3) IPRs as an element of mergers and co-operative arrangements.

4) Refusal to deal

Case of Mahyco-Monsanto

Mahyco-Monsanto( a 50-50 joint venture between Maharashtra Hybrid Corporation and American Agricultural Company) was found guilty of price gouging ( price above the market price when no alternative retailer is available) in a Bt Cotton case filed by the Andhra Pradesh government and some civil society organizations before the MRTP Commission of India. Mahyco-Monsanto was charging an excessively high royalty fee for its Bt gene which made the seed too expensive for the farmers. As there was no competition due to their IPR on Bt cotton seeds, Mahyco-Monsanto had a monopoly and had acted arbitrarily .

The Competition law applies to IPR in relation to abuse of dominant position and combination. Therefore abuse of dominance due to an IPR is liable for action under the Indian Competition Act just as IPR- related dealings in combination leading to an anti – competitive effect.


The second view contends that competition law continues to be a vital means of ensuring continued innovation and economic growth. The aims and objectives of IPRs and competition laws are complementary, as both aims to encourage innovation (investment in research and development), competition (use of innovation in the economy) and enhance consumer welfare (protecting consumers from exploitation).


The Agreement on Trade Related Aspects of Intellectual Property Rights (TRIPS) is an international agreement administered by World Trade Organization (WTO) that sets down minimum standards for many forms of intellectual property regulation as applied to nationals of other WTO members. It was negotiated at the end of Uruguay Round of the General Agreement on Tariffs and Trade (GATT) in 1994. India is a signatory for the Agreement on Trade Related Aspects of Intellectual Property Rights (TRIPS).

The TRIPS agreement introduced intellectual property law into the international trading system for the first time and remains the most comprehensive international agreement on intellectual property to date.

TRIPS Agreement covers 9 categories of Intellectual Property: — they are Copyright rights, including the right of performers, producers of sound recordings and broadcasting organization, geographical indications, including appellations of origin , industrial designs, integrated circuit layout designs, patents, monopolies for the developer of new plant varieties, trade mark, trade dress, and undisclosed or confidential information .

TRIPS ensures protection and enforcement of all intellectual Property should result in social and economic welfare and balance of rights and obligations. Arising out of this, TRIPS does try to achieve a degree of balance between Competition law (protecting the consumers) and Intellectual Property Rights (protecting the innovators). Some of the tools provided to attain a degree of balance are parallel imports (Section 6), Compulsory Licensing (Section 31) and Control of anti Competitive Practices (Section 40).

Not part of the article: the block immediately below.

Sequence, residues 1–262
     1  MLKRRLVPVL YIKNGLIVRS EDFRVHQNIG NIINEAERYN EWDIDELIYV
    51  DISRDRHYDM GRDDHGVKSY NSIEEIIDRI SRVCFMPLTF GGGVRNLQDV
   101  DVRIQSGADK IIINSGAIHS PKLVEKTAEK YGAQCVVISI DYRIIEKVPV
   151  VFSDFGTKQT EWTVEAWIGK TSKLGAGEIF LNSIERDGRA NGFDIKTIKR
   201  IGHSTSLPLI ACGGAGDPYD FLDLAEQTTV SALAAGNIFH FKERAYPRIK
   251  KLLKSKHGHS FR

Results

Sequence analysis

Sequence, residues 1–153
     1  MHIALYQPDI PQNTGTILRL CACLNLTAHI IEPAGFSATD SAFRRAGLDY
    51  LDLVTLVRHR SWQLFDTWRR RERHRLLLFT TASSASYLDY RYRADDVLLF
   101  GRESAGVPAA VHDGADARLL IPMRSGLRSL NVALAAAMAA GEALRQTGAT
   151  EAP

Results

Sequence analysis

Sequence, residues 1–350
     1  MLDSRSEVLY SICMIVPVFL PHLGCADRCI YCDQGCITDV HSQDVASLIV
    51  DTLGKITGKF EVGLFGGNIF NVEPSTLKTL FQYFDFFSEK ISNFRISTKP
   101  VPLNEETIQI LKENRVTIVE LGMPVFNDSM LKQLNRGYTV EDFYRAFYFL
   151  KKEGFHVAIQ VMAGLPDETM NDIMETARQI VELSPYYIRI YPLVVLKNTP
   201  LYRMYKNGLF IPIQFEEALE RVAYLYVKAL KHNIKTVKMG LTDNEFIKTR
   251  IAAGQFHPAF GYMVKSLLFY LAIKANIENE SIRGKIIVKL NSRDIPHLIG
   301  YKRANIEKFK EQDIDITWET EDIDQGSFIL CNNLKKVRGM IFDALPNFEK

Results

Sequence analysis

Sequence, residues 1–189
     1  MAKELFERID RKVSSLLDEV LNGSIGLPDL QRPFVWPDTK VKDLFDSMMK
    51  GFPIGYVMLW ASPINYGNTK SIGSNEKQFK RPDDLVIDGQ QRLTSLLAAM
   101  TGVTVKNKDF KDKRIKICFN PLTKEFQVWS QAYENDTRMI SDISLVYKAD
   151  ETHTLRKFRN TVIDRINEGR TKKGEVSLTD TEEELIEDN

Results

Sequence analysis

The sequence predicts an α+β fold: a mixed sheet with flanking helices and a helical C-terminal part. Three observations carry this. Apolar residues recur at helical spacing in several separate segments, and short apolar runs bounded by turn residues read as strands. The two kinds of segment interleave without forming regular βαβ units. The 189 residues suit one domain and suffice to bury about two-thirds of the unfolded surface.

A. Parallel Imports

Parallel Imports are imports of a patented or trademarked product from a country where it is already marked. For e.g.:- in Mozambique 100 units of Bayer’s CIPROFLOXACIN(500mg) costs US$ 740 but in India Bayer sells the same drug for US$ 15 (owing to local generic competition) Mozambique could import the product from India without Bayer’s consent.

According to the theory of exhaustion of IPR, the exclusive right of the patent holder to import the patented product is exhausted and thus ends, when the product is first launched on the market. When a state or group of states applies this principle of exhaustion of IPRs in a given territory parallel importation is authorized to all residents in the state in question. In a state that does not recognize this principle, however only the patent holder who has been registered has the right to import the protected product.

Sometimes referred to as “grey market” parallel imports often take place when there is differential pricing of the same product – either brand name or generic drugs—in different markets ( using owing to local manufacturing costs or market conditions). TRIPs agreement explicitly states that this practice cannot be challenged under the WTO dispute settlement system and so is effectively a matter of national discretion.

B. Compulsory Licensing

The TRIPS agreement allows compulsory licensing as part of the agreement‘s overall attempt to strike a balance between promoting access to existing drugs and promoting research and development into new drugs. Under TRIPS Article 31—a WTO member may in its domestic law provide for compulsory licensing of national or extreme emergency or in cases of public non-commercial use. Procedural safeguards require that the measure is used for essential products and that prior negotiations with the right holder have failed to obtain a reasonable result. TRIPs waive the requirement of prior negotiation in emergency cases or when the subject matter of the patent is required for public non-commercial use. The scope and the duration of the license shall be limited to the purpose for which it was authorized. The TRIPs Agreement does not specifically list the reasons that might be used to justify Compulsory Licensing. However, the DOHA DECLARATION on TRIPS and Public Health confirms that countries are free to determine the grounds for granting Compulsory Licenses. In Article 31, the TRIPS Agreement does prescribe a number of conditions which ought to have been fulfilled before issuing compulsory licenses. In Particular such conditions require that:-